Jean-Claude Finck, CEO and president
Malta | FCM Bank
Fast-growing FCM saw a 55% increase in the number of its accounts last year. It was also a high-performing year in terms of deposits, which increased by 36% to over €23 million. This was achieved by consistently offering competitive interest rates while spending less on banking infrastructure and marketing. Overall, the cost per account was reduced by 41%. Operating only in the highly competitive Maltese marketplace, FCM focused on innovation, offering the only savings account giving customers a bonus after 12 months. Much emphasis is placed on customer rapport.
Ron Huggett, CEO
Netherlands | ING
The Dutch retail bank recorded an underlying pretax profit of more than €888 million, an improvement of 6.5% on the previous year, on the back of a 6.8% rise in net interest income and lower risk costs .The rapid move to digitalization raised operating costs, both through higher IT spend and provisioning for redundancies, though these will result in future cost savings. Risk costs declined by 18.6% as a gradual economic recovery benefits both mortgage and business lending. The bank has increased transparency right across its product range so as to enable customers to make clearer choices and has introduced a seamless service across all banking channels, allowing customers to switch between channels without interruption to their data. And with the pilot launch of “Inge,” a voice recognition feature that listens and responds to simple instructions, customers can do their banking by talking to their mobile or tablet.
Nick Jue, CEO
Portugal | Banco Santander Totta
Portugal’s best-capitalized bank, Santander Totta gained market share in 2014, as the number of new mortgage loans granted increased by 18% in a more dynamic marketplace. Corporate lending also rose 0.7%, a good showing against a general background of companies deleveraging. Deposits grew by 5.6%, and net interest income increased by 6.2% to €546 million. This growth in recurring business combined with lower costs of credit and impairments to boost net income by 89.2% to €193 million—though this includes a substantial gain in the last quarter from the sale of 51% of the bank’s life and nonlife insurance portfolios. The bank’s core Tier I ratio stood at a comfortable 13.3%.
António Vieira Monteiro, chairman
Spain | CaixaBank
Already the largest bank in its domestic market, with a customer base of 13.4 million at year-end 2014, in January of this year CaixaBank gained a further half-million customers through its acquisition of UK lender Barclays’ retail, asset management and corporate banking businesses in Spain. Net interest income increased by more than 5%, as did customer deposits, and overall income before loan impairments more than doubled. The bank continues to pursue its multichannel banking strategy successfully, with over half of all transactions now through e-channels and only 8% in branch. Its Linea Abierta is Spain’s leading online banking system, gaining a third of all users, while its mobile platform, CaixaMóvil, handled 750 million transactions for some four million customers. CaixaBank also became the world’s first bank to develop an app for smartwatches. La Caixa foundation is the leading private foundation in Spain and the second-largest in Europe in terms of grants, with around €500 million awarded annually.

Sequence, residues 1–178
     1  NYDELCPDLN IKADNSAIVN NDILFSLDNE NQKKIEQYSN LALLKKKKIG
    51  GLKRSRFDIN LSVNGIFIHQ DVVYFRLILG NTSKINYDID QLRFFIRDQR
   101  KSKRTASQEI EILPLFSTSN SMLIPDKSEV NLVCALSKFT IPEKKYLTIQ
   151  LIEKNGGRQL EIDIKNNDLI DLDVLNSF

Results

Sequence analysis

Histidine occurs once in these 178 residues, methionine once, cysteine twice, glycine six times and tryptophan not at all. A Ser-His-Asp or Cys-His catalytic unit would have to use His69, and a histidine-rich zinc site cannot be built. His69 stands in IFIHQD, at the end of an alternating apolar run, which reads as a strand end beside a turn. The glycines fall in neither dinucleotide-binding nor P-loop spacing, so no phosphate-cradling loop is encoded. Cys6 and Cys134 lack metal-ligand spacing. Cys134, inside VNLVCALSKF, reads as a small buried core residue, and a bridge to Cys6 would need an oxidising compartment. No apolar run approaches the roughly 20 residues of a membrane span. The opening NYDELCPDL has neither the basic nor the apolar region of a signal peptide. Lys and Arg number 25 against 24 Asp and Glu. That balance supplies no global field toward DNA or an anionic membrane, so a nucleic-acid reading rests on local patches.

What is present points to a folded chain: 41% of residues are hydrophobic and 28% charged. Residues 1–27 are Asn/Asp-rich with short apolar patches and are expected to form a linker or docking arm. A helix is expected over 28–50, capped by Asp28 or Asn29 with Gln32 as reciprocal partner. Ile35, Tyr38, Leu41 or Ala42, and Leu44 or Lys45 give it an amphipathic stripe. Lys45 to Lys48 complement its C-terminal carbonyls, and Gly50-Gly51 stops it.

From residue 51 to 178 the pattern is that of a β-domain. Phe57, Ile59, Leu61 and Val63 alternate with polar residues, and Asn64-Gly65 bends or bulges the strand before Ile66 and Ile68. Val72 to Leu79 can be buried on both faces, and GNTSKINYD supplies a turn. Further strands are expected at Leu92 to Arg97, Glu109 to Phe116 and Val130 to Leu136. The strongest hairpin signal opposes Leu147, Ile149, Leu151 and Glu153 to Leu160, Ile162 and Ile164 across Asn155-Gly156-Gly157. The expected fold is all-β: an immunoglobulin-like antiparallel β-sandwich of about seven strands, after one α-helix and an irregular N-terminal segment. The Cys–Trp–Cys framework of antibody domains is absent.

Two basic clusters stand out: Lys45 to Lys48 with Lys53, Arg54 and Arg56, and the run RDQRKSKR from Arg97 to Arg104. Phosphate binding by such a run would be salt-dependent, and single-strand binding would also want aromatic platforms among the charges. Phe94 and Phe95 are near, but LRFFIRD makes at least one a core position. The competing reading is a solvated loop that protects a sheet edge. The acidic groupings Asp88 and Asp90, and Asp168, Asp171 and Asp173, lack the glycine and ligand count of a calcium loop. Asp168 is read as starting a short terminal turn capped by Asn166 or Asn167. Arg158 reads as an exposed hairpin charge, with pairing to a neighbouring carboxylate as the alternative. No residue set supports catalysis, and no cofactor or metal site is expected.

Gonzalo Gortázar, CEO
Switzerland | UBS
UBS’s net profit increased last year by 13%, topping SFr 3.6 billion ($3.7 billion), although CEO Sergio Ermotti acknowledged that January’s surprise decision by the central bank to abandon the cap on the Swiss franc would negatively impact this year’s earnings. The rise in profitability was spread across divisions, with both wealth management and retail & corporate banking up by 4%, while earnings from investment banking were 8% stronger. Cost-cutting continues, with plans to reduce spending by moving IT and other functions to less costly centers. UBS continued to reduce risk-weighted assets and improve its leverage ratio. Its core Tier 1 capital ratio stood at over 13% at the year’s end, exceeding targets and coming out best among its peer groups. Ermotti commented that “our capital is strong and we’ve completed our strategic transformation, preparing us well for the future.”
Sergio Ermotti, CEO
United Kingdom | Lloyds Banking Group
Being a strongly UK-facing retail and commercial bank helped Lloyds lift its underlying profit by 26% to £7.8 billion ($11.5 billion), and the bank is paying a dividend for the first time since it was bailed out during the financial crisis. The result reflects the group’s success in shedding noncore activities and cutting its cost base by a further 2%, so that the cost/income ratio comes out at a competitive 51%, thanks to a combination of improved asset quality and lower impairment charges. Net interest income rose by 8% on improved margins, the return on risk-weighted assets increased to above 3%, and the bank continued to strengthen its capital buffers. The result: Its core Tier 1 capital ratio improved by 2.5% to 12.8%, after accounting for the dividend. Lloyds built on its market leadership in key lending segments, with new mortgages up by 13% and lending to midsize corporates and SMEs up by 2% and 5%, respectively. Most competitor banks saw a downturn in lending to such companies. The focus is on digital-based growth—the number of active online customers has rocketed, and Lloyds is investing a further £1 billion on upgrading capabilities and developing new products, such as its recently launched online car finance platform.
António Horta-Osório, group CEO